May set to reveal Brexit plans in key speech tomorrow

British PM expected to rally citizens around common goals to build a truly global Britain

LONDON • British Prime Minister Theresa May will use a major speech on Brexit tomorrow to call on Britons to reject the acrimony of last year's referendum and unite around the vision of a Britain more open to the world, her office said yesterday.

She is due to make the speech in London before an audience that includes foreign diplomats as well as Britain's own Brexit negotiating team and other senior officials, Downing Street said in a statement.

It said she would stress the need for Britons, who voted for Brexit by 52 to 48 per cent after a deeply divisive campaign, to unite around common goals such as protecting and enhancing workers' rights.

"Now we need to put an end to the division and the language associated with it - 'Leaver' and 'Remainer' and all the accompanying insults - and unite to make a success of Brexit and build a truly global Britain," Mrs May is expected to say.

The Sunday Times reported that the British leader will signal plans for a "hard Brexit'' by saying she is willing to quit the European Union's single market for goods and services to regain control of Britain's borders and laws.

The Sunday Times reported that the British leader will signal plans for a "hard Brexit'' by saying she is willing to quit the European Union's single market for goods and services to regain control of Britain's borders and laws.

Mrs May will prepare to withdraw from tariff-free trade with the region in return for the ability to curb immigration, strike commercial deals with other countries, and escape the jurisdiction of the European Court of Justice, The Sunday Times said without revealing how it obtained the information.

Her speech will be closely watched by financial markets for information on which of these divergent goals she will prioritise.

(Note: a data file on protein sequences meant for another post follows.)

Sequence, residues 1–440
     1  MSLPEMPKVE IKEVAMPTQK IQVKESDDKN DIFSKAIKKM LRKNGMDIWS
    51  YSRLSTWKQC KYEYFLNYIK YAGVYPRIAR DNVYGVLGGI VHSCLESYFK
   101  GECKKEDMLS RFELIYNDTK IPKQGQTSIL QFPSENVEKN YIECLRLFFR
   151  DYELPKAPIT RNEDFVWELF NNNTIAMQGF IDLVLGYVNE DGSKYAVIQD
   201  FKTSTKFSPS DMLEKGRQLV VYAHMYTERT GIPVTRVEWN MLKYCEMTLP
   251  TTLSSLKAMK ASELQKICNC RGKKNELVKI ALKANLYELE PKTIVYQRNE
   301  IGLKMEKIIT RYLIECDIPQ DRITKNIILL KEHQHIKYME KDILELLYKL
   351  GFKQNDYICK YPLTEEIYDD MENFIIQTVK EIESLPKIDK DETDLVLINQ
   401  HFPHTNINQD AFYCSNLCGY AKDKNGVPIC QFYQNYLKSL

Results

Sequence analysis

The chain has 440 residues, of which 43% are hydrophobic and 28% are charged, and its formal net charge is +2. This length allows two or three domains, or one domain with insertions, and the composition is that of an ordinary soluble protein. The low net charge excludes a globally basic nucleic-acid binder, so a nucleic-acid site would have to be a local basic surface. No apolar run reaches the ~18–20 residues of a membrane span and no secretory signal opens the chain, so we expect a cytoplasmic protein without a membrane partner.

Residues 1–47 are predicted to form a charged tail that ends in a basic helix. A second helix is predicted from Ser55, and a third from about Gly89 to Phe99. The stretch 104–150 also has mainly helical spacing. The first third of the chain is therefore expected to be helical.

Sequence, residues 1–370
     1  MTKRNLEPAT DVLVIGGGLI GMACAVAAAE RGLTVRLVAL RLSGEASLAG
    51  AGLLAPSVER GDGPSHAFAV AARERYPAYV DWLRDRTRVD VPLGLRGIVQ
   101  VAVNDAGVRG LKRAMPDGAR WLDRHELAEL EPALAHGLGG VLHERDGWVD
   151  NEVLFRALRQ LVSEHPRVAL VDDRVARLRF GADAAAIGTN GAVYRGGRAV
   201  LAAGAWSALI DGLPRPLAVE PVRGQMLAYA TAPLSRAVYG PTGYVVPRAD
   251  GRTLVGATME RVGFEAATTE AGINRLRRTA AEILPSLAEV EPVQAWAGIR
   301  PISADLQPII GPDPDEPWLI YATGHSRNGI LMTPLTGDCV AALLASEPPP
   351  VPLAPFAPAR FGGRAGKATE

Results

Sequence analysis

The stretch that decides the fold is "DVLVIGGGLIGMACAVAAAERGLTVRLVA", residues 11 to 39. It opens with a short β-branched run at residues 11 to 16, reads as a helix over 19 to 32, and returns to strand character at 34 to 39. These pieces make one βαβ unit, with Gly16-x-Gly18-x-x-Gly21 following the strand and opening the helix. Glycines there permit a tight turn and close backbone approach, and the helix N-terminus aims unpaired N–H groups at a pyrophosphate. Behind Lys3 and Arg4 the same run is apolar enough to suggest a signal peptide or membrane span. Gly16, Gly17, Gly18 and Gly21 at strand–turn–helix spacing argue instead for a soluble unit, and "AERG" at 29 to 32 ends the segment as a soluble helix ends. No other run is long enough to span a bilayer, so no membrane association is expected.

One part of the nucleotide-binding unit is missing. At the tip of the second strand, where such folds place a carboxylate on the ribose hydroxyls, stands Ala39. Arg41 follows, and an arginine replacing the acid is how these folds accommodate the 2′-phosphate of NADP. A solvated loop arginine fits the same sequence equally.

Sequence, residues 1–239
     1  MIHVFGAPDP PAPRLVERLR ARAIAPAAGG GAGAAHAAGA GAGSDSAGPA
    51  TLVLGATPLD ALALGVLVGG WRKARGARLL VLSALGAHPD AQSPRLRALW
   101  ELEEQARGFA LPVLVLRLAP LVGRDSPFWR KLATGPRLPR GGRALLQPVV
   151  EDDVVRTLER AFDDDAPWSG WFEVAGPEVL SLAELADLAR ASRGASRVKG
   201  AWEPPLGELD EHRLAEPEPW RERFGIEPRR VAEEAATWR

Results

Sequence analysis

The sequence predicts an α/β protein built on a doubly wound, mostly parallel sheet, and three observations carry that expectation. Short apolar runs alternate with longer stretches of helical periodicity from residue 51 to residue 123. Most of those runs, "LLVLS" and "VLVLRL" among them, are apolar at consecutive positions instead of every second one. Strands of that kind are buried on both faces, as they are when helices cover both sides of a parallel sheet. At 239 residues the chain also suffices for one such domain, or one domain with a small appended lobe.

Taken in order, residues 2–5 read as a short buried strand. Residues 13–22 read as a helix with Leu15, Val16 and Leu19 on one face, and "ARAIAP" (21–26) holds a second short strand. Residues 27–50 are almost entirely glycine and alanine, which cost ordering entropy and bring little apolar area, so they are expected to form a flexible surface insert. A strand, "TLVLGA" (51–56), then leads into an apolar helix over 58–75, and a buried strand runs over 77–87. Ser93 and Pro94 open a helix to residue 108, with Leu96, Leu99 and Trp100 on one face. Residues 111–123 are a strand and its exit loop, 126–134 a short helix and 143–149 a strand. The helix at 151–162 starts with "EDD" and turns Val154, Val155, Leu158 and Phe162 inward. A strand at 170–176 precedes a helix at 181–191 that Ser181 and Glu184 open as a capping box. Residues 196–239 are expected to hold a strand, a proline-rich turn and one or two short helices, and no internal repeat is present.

After she said in a TV interview a week ago that post-Brexit Britain would not be able to keep "bits" of its EU membership, the pound fell sharply as the comment was interpreted as signalling a clean break from the single market.

Tomorrow's speech will take place at Lancaster House, a grand Foreign Office property close to Buckingham Palace that has hosted numerous international summits. Downing Street said the choice of venue was to underline Mrs May's theme of a global Britain.

To avoid a fallout from the break- up and grant businesses some certainty over the outlook, Mrs May will seek a transitional phase between splitting from the EU and the beginning of a new trading relationship, The Sunday Times said, citing Brexit Secretary David Davis.

In a report released on Saturday, a panel of British lawmakers charged with scrutinising Brexit said her government must outline its road map by the middle of next month.

Britain could change its economic model to regain competitiveness if it were to leave the EU without an agreement on market access, British Finance Minister Phillip Hammond said in a German newspaper interview published yesterday.

In a thinly veiled threat that Britain could use its corporate tax as a form of leverage in Brexit negotiations, Mr Hammond told the Welt am Sonntag he hoped Britain would remain a European-style economy with corresponding tax and regulation systems.

"If we have no access to the European market, if we are closed off, if Britain were to leave the European Union without an agreement on market access, then we could suffer from economic damage at least in the short term," he said when asked directly about Britain's plans to lower corporate tax.

"In this case, we could be forced to change our economic model and we will have to change our model to regain competitiveness," Mr Hammond said. "We will change our model, and we will come back, and we will be competitively engaged."

Mr Hammond said Britain did not want to close its doors completely to EU citizens who wanted to work in the United Kingdom.

"Clearly, we need people to come and work in our economy to keep it functioning," Mr Hammond said.

"But we must have overall control," he added.

REUTERS, BLOOMBERG

A version of this article appeared in the print edition of The Straits Times on January 16, 2017, with the headline 'May set to reveal Brexit plans in key speech tomorrow'. Print Edition | Subscribe